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by Peter Moskos

July 13, 2015

The Kelly Legacy of Micromanagement

Cops would complain about this all the time when Kelly was chief. After a decade in power, the stories of his micromanaging were legendary. This is the kind of stuff the public never really understands or appreciates, even when it dominates internal police culture.

A long overdue article, from the veteran Murray Weiss at DNA.info:
An aide approached [Bratton] with a request for the transfer of “a single police officer.” The aide said the move required his signature and that the NYPD’s “Office of Management and Budget” had already been involved.

[Bratton] was incredulous.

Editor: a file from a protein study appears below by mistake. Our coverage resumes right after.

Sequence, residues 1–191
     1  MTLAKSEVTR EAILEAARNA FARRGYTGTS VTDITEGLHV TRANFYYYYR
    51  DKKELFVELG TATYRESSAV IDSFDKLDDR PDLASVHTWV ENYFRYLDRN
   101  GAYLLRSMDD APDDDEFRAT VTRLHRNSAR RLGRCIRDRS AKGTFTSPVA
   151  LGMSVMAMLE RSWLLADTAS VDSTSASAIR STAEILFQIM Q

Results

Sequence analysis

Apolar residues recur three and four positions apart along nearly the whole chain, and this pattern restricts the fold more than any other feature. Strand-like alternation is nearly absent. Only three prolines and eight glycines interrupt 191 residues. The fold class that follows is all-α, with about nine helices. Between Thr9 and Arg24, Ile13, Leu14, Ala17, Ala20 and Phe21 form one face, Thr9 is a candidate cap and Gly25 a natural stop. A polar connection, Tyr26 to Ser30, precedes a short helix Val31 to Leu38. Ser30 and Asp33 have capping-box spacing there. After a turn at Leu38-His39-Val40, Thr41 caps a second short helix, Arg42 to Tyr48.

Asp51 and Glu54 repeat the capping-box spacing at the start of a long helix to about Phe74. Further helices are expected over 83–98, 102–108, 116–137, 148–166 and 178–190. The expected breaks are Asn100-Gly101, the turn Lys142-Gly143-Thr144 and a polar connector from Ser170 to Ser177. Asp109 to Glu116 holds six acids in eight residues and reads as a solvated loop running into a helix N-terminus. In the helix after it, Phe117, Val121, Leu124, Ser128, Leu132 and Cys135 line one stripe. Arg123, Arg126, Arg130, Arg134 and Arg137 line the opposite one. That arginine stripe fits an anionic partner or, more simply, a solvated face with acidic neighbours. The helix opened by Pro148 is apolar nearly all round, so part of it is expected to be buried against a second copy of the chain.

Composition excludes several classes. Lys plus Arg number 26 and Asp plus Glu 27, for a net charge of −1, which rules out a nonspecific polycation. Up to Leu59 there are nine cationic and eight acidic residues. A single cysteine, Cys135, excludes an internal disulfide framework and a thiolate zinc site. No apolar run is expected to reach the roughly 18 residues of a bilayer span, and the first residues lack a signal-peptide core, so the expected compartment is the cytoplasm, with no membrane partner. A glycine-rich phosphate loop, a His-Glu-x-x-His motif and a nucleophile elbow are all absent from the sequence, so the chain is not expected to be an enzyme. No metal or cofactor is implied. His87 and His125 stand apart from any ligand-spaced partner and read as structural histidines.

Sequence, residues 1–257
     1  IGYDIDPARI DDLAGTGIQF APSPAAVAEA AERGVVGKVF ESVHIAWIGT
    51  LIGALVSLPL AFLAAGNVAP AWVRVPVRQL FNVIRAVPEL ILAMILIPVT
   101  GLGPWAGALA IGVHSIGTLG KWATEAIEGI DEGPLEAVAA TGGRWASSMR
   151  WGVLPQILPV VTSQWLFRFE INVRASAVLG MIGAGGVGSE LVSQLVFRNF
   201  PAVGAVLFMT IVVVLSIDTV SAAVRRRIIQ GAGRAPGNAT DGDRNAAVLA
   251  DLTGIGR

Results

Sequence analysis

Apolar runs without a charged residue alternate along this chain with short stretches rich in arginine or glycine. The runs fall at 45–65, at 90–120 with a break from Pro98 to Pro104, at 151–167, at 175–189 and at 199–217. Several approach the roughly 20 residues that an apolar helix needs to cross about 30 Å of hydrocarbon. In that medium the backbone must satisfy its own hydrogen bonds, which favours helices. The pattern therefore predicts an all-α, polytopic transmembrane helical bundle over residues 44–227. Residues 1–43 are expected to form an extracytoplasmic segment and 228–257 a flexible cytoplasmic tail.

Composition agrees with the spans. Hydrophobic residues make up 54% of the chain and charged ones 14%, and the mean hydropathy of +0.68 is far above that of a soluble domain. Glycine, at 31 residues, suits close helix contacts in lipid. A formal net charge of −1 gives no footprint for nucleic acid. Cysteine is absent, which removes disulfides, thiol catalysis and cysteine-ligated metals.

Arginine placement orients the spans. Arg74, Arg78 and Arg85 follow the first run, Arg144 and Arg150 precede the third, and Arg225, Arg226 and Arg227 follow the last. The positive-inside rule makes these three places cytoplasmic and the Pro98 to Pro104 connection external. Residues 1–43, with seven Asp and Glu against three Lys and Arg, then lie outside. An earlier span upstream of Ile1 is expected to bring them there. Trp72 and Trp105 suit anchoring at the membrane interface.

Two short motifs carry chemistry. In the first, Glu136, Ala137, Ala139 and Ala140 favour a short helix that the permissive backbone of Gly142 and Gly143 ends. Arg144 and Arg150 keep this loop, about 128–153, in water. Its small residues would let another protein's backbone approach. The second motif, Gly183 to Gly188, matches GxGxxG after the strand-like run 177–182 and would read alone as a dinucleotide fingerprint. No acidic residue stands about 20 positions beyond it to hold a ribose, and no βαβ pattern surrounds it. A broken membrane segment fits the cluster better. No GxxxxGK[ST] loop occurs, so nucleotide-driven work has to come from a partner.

“The transfer generated between nine and 14 pages of paperwork,” the commissioner recalled.
And
There had been a fatal shooting.
...
Bratton asked what [Deputy Inspector Raul Stephenson] was going to do to prevent the violence. The commissioner was stunned at what he heard.

Stephenson explained that he wanted to shift “Impact Zone” officers from their mandated posts to the part of the precinct where the crew resided.

But he said he first had to put the request in writing and send it to his Borough Commander who, in turn, would send it up to the Chief of Patrol’s office where it would be forwarded to the commissioner’s office at Police Headquarters for final approval.

“Can you imagine how long that request took to go up the chain of command and then back down the chain before the inspector could do what he wanted?” Bratton said.

“Something was happening in real time and our commander, who knows who is responsible, was unable to move personnel.
Sure this is a bit of fluff piece, and it's never that simple. But it's exactly what can make a difference within a department.

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